Economic Advisory Council: U.S Economic Expansion Continues, But Growth Surge May Be Temporary

Far from losing steam, the U.S. economy has been on a solid upswing lately. But as always, a deeper look at the data suggests that there are issues to keep an eye on, according to a recent report by the California Chamber of Commerce Economic Advisory Council.

The United States is currently in the midst of the second longest expansion in the nation’s history at 111 months and counting. In July of next year, we will officially be in the midst of the longest expansion on record.

Below are some of the highlights from the economic report.

Read the full report or download PDF.

A Deeper Look

Consider some recent statistics.

  • U.S. gross domestic product (GDP) growth in the second quarter came in above 4%, the best reading since 2014 and driven by strong growth in business and consumer spending.
  • Industrial production is up 4% from one year ago—another recent best.
  • Employment growth over the last 3 months has totaled more than 200,000 jobs added per month, even with unemployment below 4%. More importantly, the job openings rate is at 4.2%, suggesting that employers would hire even more workers, if they could find them.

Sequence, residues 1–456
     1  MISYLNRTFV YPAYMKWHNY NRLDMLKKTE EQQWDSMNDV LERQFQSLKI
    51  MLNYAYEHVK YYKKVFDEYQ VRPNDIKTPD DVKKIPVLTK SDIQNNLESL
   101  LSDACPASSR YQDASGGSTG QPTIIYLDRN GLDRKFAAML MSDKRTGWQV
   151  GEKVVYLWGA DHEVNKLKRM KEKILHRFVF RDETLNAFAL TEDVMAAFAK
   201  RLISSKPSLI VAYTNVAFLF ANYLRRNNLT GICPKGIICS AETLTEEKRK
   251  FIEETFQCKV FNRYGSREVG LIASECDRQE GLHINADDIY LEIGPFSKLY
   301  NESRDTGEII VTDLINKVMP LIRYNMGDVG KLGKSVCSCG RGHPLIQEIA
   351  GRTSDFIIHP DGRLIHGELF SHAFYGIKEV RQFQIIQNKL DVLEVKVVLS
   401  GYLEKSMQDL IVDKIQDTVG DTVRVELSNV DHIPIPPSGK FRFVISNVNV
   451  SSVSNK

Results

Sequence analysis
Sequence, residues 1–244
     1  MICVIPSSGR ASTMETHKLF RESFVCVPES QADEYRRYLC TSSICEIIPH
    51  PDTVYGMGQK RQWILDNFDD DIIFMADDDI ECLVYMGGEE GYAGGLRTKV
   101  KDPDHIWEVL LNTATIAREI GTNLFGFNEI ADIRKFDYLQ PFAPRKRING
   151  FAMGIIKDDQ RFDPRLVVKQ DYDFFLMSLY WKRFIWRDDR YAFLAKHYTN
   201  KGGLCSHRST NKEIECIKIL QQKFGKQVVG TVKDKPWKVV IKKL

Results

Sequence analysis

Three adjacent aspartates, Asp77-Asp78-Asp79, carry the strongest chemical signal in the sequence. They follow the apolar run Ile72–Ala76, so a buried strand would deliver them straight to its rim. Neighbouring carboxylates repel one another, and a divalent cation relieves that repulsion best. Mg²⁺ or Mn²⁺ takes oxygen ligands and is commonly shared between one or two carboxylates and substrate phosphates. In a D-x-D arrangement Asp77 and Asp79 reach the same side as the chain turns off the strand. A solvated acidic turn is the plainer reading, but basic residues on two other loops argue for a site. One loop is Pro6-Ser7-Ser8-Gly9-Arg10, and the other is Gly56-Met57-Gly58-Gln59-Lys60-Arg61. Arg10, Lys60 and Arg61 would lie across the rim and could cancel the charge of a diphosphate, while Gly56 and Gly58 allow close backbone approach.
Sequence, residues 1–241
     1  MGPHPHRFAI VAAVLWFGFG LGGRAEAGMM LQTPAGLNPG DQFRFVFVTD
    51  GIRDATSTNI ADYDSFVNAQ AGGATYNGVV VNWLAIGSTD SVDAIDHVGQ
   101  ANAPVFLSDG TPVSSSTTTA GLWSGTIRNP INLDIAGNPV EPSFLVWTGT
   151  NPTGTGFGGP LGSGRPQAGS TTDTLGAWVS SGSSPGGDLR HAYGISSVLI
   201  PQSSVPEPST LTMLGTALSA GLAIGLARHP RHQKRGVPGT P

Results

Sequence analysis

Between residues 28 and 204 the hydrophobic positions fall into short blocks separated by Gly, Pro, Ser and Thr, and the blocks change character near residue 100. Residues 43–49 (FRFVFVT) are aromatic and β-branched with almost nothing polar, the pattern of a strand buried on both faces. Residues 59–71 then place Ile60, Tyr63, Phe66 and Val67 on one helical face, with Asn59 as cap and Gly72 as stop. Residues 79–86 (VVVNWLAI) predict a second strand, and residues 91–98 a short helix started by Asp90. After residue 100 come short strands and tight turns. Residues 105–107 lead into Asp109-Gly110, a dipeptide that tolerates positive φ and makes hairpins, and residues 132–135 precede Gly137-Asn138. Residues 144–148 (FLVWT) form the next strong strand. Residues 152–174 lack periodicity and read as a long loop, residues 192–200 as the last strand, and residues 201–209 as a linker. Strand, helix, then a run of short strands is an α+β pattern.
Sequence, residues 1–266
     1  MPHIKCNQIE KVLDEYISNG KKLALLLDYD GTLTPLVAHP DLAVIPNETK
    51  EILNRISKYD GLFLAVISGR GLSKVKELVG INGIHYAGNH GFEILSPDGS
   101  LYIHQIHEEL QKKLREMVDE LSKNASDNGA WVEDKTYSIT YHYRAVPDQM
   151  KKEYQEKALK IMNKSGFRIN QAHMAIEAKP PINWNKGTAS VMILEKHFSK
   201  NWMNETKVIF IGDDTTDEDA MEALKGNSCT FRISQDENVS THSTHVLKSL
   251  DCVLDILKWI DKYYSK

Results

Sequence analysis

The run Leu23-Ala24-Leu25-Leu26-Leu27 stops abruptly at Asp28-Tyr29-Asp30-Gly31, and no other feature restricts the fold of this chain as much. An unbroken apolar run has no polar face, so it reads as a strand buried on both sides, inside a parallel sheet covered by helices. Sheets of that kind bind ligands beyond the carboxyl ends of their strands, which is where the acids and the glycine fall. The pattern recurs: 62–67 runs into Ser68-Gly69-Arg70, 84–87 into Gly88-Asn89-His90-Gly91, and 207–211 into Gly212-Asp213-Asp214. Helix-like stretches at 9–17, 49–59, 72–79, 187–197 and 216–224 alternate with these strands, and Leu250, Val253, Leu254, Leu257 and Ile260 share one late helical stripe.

The recent GDP release came with (as is usual every couple of years) a revision of the last few years of data on the basis of better data and improved techniques. While the revision didn’t change much in terms of the estimation of economic output, it did change the estimated flow of income.

Temporary Surge

As positive as all this news is, don’t be fooled into believing the U.S. economy has truly achieved a new pace of growth. Scratch away at the surface and there are any number of reasons to conclude that the current growth surge is, at best, temporary. At worst, the seeds of the next recession are possibly being sown in these current numbers.

  • First, we need to take a bit of a gut check on the recent numbers. The 4.1% growth rate in the second quarter was certainly impressive. But most of that growth came from a surge in consumer spending—an anticipated surge given the weak first quarter for consumer spending growth.
  • Second are the international trade battles currently in play. While the problems with the European Union seem to be on hold for the moment, the U.S. disputes with China are growing worse with both sides continuing to ratchet up the tariffs being levered on the other. Much has been made of the effects on U.S. exporters to China, particularly those that export agricultural products. But the U.S. imports almost four times as much from China as it exports to them. And what we do import are critical components of U.S. supply chains. As solid as industrial production looks from a growth perspective, recent data suggests overall production is starting to plateau.